As base rates move towards more normalised levels, where can fixed income investors seek to gain protection from rising rates and source attractive returns?
Until 2009, senior secured syndicated loans were the dominant sub-investment grade asset class in Europe. In recent years the asset class has once again experienced significant growth and we expect that to continue. Within a changing environment for fixed income investors, we believe the asset class provides a number of features and benefits for investors looking to diversify their fixed income exposure.
Floating Rate Returns
Loans are a floating rate asset class and, in our experience, typically offer mid-to-high single-digit returns through the cycle. They reset their underlying interest rates on a frequent basis – usually every three-to-six months at the discretion of the borrower.
As such, syndicated loans may provide investors with protection from rising rates and so tend to enjoy inflows in periods of rising rate expectations. Fund flow data is not available for Europe due to the absence of retail investors and mutual fund structures. However, looking at flows into US loans, it is clear that recent flows into syndicated loan mutual funds have been closely correlated to rising interest rate expectations. We believe this relationship will play out in the institutional European market as well when rates start to rise locally.
The European syndicated loan market, as measured by the Credit Suisse Western European Leveraged Loan Index (CS WELLI), is €222 billion in size and made up of well-diversified corporate exposures from approximately 330 issuers.1
The main source of new issuance is private equity-backed leveraged buyout activity, with future supply likely to be driven by the approximate €1 trillion of “dry powder” that private equity firms have available for deployment (source: Prequin, as of 31 December 2017). Index issuer sizes range from €100 million up to €5.7 billion.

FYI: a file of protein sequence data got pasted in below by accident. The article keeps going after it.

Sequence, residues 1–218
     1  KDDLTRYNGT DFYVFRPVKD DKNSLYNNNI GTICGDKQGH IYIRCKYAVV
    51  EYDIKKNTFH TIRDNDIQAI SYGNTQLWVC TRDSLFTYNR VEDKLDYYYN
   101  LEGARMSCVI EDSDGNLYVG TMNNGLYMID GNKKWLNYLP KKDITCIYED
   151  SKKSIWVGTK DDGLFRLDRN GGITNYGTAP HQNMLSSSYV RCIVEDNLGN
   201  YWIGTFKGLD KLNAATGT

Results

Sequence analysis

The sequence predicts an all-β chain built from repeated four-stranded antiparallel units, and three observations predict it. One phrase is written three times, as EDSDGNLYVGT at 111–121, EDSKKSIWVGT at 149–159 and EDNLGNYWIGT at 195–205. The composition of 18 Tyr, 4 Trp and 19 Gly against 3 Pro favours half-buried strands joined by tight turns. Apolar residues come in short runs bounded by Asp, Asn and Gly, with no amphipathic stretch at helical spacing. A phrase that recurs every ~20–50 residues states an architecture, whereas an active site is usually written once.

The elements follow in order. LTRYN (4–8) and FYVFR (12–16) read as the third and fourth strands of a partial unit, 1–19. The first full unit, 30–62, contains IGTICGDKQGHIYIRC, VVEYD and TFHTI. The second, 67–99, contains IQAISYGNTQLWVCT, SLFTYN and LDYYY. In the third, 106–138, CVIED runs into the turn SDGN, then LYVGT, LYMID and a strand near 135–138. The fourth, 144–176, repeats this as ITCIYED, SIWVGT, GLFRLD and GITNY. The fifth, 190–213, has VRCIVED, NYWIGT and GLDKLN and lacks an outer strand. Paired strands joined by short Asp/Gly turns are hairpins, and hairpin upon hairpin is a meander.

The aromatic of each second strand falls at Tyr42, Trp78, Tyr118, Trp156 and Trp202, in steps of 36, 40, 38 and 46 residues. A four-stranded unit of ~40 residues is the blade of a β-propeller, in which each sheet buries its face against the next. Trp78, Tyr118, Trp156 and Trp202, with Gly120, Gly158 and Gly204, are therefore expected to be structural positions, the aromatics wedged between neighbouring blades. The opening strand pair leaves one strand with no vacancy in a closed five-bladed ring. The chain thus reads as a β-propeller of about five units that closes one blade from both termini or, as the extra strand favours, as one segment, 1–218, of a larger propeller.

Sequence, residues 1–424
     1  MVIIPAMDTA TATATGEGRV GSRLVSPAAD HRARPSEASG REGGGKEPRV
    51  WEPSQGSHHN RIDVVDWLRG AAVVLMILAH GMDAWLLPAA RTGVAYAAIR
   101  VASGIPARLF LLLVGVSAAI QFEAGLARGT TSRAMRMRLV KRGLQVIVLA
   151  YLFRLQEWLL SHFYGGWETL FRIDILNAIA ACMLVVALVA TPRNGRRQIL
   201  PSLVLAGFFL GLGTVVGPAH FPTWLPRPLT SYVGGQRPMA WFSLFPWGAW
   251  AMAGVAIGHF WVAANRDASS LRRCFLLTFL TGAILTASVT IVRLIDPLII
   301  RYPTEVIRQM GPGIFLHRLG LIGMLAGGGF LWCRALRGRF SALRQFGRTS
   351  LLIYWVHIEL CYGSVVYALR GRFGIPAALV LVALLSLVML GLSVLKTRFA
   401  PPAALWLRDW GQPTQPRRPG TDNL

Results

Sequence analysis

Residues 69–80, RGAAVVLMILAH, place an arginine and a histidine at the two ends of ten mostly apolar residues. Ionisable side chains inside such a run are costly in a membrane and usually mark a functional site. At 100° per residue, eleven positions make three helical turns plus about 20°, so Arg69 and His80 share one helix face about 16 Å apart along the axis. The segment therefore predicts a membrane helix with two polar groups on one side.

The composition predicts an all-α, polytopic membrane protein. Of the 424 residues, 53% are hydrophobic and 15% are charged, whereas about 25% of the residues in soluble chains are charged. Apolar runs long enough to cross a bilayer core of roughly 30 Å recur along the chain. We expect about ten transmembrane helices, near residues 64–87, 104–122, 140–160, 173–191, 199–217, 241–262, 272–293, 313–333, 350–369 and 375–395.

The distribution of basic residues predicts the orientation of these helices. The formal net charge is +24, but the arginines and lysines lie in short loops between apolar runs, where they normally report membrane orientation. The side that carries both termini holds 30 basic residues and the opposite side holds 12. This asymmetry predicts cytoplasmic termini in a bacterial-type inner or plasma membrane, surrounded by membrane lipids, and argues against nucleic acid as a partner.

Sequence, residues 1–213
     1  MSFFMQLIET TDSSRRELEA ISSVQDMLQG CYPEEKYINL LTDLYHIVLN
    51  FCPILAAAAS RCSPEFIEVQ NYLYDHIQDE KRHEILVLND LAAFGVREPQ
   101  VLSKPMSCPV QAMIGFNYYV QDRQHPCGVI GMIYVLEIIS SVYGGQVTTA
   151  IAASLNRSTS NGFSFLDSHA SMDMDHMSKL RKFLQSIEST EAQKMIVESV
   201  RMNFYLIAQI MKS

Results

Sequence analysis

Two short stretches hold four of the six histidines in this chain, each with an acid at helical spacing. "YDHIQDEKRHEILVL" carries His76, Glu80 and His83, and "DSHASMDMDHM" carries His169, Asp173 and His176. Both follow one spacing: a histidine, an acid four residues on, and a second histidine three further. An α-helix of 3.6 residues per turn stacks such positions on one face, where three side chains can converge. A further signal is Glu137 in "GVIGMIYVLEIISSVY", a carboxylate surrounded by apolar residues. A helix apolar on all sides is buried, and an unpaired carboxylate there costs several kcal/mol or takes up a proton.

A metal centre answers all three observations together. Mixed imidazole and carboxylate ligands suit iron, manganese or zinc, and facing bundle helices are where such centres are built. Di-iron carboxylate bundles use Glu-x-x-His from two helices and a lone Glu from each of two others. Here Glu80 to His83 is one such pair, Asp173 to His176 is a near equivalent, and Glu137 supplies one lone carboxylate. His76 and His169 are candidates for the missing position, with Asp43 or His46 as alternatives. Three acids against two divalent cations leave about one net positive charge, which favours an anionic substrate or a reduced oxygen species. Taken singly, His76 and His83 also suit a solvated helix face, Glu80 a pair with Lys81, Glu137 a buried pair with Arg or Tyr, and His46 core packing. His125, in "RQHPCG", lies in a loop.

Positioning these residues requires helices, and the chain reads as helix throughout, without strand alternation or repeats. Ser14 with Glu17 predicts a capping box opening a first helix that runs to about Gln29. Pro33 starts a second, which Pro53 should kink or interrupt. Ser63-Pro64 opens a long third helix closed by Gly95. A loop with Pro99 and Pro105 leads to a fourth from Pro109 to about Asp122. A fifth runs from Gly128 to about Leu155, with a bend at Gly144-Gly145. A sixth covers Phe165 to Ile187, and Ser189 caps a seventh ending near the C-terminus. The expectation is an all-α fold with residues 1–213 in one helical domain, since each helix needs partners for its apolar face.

While the European syndicated loan market features a broad spread of industries, it has little exposure to financial services, property, energy and commodity firms (Fig. 1). Fluctuations in commodity prices in recent years have therefore not had a significant impact on European syndicated loan credit quality.
Country exposures are weighted towards the Northern European jurisdictions, with a recent feature being an increase in the number of issuers from North America who have issued euro-denominated tranches alongside their US dollar-denominated loans (source: CS WELLI). Issuers from the US now comprise 10% of the CS WELLI, the fifth-largest geography.
In Europe, loans are predominantly an institutional asset class, as the current Undertakings for Collective Investment in Transferable Securities (UCITS) rules place some restrictions on investing in the European syndicated loan market.
This situation is not expected to change in the near future, so the investor base is made up of three main groupings:
Unlike the US loan market, and contrary to many of the predictions made post-crisis, banks are still an important part of the loan market investor base.
They are often politically motivated to undertake local lending in their own jurisdictions, and access to European Central Bank initiatives such as the long term refinancing operations, have come with the quid pro quo of growing their loan books.
Collateralised Loan Obligations (CLOs)
These have once again become an important part of the European investor base since the market reopened in 2013. The global hunt for yield in 2017 increased demand for the highest-rated CLO liabilities, which encouraged increased European CLO issuance to a post 2008 financial crisis high of €21bn. (Source: S&P Global Market Intelligence, as of 31 December 2017.)
CLOs can drive demand for loans and tend to be long term, stable holders of the loan assets which they buy.
Usually buying via a specialist manager, investors such as pension funds, insurance companies and family offices take a long-term approach to investing in corporates via the loan market.
European syndicated loans are a well-established asset class, and tend to benefit from a secondary market which trades actively over the counter. Documentation and trading conventions are standardised by the Loan Market Association.
Secondary market activity is seen as a necessary and complementary activity for banks involved in syndicated loan and CLO origination.